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Most people assume that if they're not being physically abused by their partner, they're not being abused. That's not necessarily true. You might be in a relationship that is draining something from you; you may not even be aware that your partner has eroded your self-esteem and happiness.
"Although physical abuse is thought to be the most obvious form of abuse, emotional abuse has
the potential to be even more devastating than physical abuse. This is because it is hard to prove
and, thus, difficult to stop," says psychologist Dr Vandana Mathur. Many people find that
emotional abuse is difficult to even talk about, as others seldom take it seriously.
Abuse is any behaviour that controls and subjugates another person by means of fear,
humiliation, intimidation, guilt, coercion, manipulation, etc. "Emotional abuse can include anything
from verbal abuse and constant criticism to more subtle tactics like repeated disapproval," says
Like other forms of violence in relationships, emotional abuse rests on the premise of power and
control. "It eventually brainwashes the victim. It systematically wears away at the victim's self-
confidence, self-worth and trust in their own perceptions," says Vijay Malhotra (name changed),
28, a software engineer at an IT firm in Delhi, Vijay says he experienced emotional abuse in his
marriage due to his wife's constant criticism and diatribes.
him/ her. Also, denying that certain events occurred or that certain things were said by saying, "I never said that," "I don't know what you're talking about," etc. The other person may deny your perceptions, memory and even question your sanity.
partner's responsibilty. Not assisting in any work relating to the household, family or children. Adding to the burden by making cutting remarks about how poorly you manage the children/ household.
Emotional abuse often follows a pattern.
In the first phase, there is a build-up of tension and a breakdown in communication.
The second phase involves the actual incident of verbal and emotional abuse.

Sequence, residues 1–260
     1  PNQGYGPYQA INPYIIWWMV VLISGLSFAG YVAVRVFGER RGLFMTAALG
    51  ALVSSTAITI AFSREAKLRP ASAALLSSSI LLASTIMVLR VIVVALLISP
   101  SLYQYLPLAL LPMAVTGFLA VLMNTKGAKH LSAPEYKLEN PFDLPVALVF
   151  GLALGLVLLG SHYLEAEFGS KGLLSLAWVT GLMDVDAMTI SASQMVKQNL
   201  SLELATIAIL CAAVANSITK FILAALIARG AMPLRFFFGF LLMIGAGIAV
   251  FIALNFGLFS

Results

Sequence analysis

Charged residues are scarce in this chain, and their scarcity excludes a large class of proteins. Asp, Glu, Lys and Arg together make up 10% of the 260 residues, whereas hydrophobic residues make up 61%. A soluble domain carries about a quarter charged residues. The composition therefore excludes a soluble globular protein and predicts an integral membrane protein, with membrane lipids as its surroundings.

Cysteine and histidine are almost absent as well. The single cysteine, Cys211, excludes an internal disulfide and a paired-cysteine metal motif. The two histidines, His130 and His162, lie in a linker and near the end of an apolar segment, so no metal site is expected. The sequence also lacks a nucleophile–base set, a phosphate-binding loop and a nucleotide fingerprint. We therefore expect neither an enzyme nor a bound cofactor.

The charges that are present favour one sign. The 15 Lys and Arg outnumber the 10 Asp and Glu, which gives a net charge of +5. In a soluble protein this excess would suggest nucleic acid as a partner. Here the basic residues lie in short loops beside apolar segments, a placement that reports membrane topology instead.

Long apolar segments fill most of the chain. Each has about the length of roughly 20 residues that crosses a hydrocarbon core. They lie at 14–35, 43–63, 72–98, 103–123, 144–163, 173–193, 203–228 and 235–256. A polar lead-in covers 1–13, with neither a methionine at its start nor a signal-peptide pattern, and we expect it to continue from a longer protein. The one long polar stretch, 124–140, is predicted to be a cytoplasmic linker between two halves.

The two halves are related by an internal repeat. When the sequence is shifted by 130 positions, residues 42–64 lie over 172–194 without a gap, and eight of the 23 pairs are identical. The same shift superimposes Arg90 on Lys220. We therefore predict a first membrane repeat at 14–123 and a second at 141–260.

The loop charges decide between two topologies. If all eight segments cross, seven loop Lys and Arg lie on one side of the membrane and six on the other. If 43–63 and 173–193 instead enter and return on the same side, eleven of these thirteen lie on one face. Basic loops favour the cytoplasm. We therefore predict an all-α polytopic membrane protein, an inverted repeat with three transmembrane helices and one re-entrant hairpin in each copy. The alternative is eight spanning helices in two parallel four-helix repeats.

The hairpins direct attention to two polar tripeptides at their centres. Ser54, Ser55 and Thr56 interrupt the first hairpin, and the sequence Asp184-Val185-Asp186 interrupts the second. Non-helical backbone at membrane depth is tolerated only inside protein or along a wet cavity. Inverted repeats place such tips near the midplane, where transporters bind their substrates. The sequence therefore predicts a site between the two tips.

The third phase involves reconciliation. The abuser apologises, offers excuses, blames the victim,
denies the abuse occurred, or says it wasn't as bad as the victim claims.
Finally, in the fourth phase, there is calm. The incident is 'forgotten' and no abuse is taking place.
Then, after some time, the cycle repeats itself.
"Repeated verbal abuse such as blaming, ridiculing, insulting, swearing, yelling and humiliation
has long-term negative effects on your self-esteem. It contributes to a perception of uselessness,
worthlessness and self-blame," says Geeta Singh (name changed), 27, a teacher who was a
victim of abuse in her first marriage but was fortunate enough to get out of it.
The one-up position the abuser assumes by judging or demeaning the recipient undermines the equality and autonomy that is the foundation of healthy adult relationships. This can result in what is known as 'learned helplessness'.
"By threatening to physically harm a partner, the abuser dominates him/ her and shows that he/ she is more powerful. The partner feels extremely terrorised, vulnerable and powerless within the relationship. This kind of emotional abuse makes an abused person feel helpless and isolated," says Dr Mathur.
"Jealousy, possessiveness and interrogation about a partner's whereabouts and activities are examples of controlling behaviours that restrict a partner's independence and freedom," says Geeta.
"Emotional abuse can have serious physical and psychological consequences, including severe
depression, anxiety, low self-esteem, isolation from others, increased alcohol or drug use,
emotional instability, sleep disturbances, physical complaints, extreme dependence and feelings
of shame and self-blame," says Dr Mathur.
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